New research indicates horses were first domesticated in the steppes of modern-day Ukraine, southwest Russia and west Kazakhstan, mixing with local wild stocks as they spread throughout Europe and Asia.
The research, published this week in the Proceedings of the National Academy of Sciences, reconciles competing theories about the origin of the domestic horse.
For several decades scientists puzzled over the origin of domesticated horses.
Based on archaeological evidence, it was long thought that horse domestication originated in the western part of the Eurasian Steppe – Ukraine, southwest Russia and west Kazakhstan.
However, a single origin in a geographically restricted area appeared at odds with the large number of female lineages in the domestic horse gene pool. This was commonly thought to reflect multiple domestication “events” across a wide geographic area.
To solve the perplexing history of the domestic horse, scientists from the University of Cambridge used a genetic database of more than 300 horses sampled from across the Eurasian steppe to run several different modelling scenarios.
Their research shows that the extinct wild ancestor of domestic horses, Equus ferus, expanded out of East Asia about 160,000 years ago.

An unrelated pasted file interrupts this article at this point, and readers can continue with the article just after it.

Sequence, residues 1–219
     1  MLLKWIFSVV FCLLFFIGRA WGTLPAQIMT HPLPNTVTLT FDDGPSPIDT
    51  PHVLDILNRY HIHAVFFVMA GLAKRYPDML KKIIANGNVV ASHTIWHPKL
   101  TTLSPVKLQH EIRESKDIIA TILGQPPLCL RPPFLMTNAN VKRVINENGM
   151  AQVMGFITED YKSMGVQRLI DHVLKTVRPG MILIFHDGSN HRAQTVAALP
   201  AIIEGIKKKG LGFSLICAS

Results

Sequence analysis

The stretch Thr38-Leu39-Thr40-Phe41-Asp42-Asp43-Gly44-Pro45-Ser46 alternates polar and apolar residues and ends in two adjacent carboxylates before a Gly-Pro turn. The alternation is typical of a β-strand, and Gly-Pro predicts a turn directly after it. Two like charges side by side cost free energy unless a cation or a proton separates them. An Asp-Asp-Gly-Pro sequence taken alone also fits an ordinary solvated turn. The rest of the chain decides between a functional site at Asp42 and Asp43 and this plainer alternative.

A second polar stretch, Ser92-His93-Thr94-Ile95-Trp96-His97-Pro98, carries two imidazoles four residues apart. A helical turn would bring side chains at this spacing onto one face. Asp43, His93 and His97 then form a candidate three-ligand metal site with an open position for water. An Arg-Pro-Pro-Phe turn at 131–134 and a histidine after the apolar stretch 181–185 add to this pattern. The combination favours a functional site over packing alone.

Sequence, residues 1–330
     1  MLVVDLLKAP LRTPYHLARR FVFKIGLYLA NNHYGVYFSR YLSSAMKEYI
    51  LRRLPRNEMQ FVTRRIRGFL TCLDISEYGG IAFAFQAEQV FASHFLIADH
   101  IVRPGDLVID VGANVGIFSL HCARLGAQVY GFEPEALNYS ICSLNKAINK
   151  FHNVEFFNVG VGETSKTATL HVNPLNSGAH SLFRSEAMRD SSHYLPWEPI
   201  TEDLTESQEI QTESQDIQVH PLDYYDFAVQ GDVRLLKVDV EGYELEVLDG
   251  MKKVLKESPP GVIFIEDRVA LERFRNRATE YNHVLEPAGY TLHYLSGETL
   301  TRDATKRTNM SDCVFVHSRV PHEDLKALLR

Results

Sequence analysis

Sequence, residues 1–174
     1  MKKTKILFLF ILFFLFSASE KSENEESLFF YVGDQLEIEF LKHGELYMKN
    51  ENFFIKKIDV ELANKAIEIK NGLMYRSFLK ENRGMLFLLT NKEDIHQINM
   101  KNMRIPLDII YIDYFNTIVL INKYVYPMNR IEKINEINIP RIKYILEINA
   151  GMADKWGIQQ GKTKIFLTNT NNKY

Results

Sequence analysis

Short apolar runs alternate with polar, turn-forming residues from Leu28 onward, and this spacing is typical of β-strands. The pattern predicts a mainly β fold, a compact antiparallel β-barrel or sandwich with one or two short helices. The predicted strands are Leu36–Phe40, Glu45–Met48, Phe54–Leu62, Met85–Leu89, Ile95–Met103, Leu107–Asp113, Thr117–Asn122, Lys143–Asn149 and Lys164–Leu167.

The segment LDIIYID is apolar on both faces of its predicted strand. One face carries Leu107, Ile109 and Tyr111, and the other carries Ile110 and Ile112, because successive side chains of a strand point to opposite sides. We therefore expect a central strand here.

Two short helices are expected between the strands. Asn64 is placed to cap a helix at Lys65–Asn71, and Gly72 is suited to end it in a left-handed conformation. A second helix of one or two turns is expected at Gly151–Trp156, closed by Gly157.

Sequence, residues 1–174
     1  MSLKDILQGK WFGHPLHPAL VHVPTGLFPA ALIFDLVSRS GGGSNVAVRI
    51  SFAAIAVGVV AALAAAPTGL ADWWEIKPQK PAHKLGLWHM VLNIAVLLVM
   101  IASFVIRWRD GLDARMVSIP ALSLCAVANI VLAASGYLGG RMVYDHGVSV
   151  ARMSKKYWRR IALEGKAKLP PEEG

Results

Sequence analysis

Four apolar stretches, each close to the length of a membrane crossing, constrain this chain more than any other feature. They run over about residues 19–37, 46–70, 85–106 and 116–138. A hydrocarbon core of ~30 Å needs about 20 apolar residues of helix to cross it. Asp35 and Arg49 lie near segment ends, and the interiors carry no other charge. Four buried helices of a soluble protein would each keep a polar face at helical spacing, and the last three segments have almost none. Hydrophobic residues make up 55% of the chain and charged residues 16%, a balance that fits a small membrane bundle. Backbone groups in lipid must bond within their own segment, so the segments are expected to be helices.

They were also able to demonstrate that Equus ferus was domesticated in the western Eurasian Steppe, and that herds were repeatedly restocked with wild horses as they spread across Eurasia.
Dr Vera Warmuth, from the University of Cambridge’s Department of Zoology, said: “Our research clearly shows that the original founder population of domestic horses was established in the western Eurasian Steppe, an area where the earliest archaeological evidence for domesticated horses has been found.
“The spread of horse domestication differed from that of many other domestic animal species, in that spreading herds were augmented with local wild horses on an unprecedented scale.
“If these restocking events involved mainly wild mares, we can explain the large number of female lineages in the domestic horse gene pool without having to invoke multiple domestication origins.”
The researchers provide the first genetic evidence for a geographically restricted domestication origin in the Eurasian Steppe, as suggested by archaeology, and show that the tremendous female diversity is the result of later introductions of local wild mares into domestic herds, thus reconciling evidence which had previously given rise to conflicting scenarios.
The research was funded by the Biotechnology and Biological Sciences Research Council, German Academic Exchange Service and the Leverhulme Trust.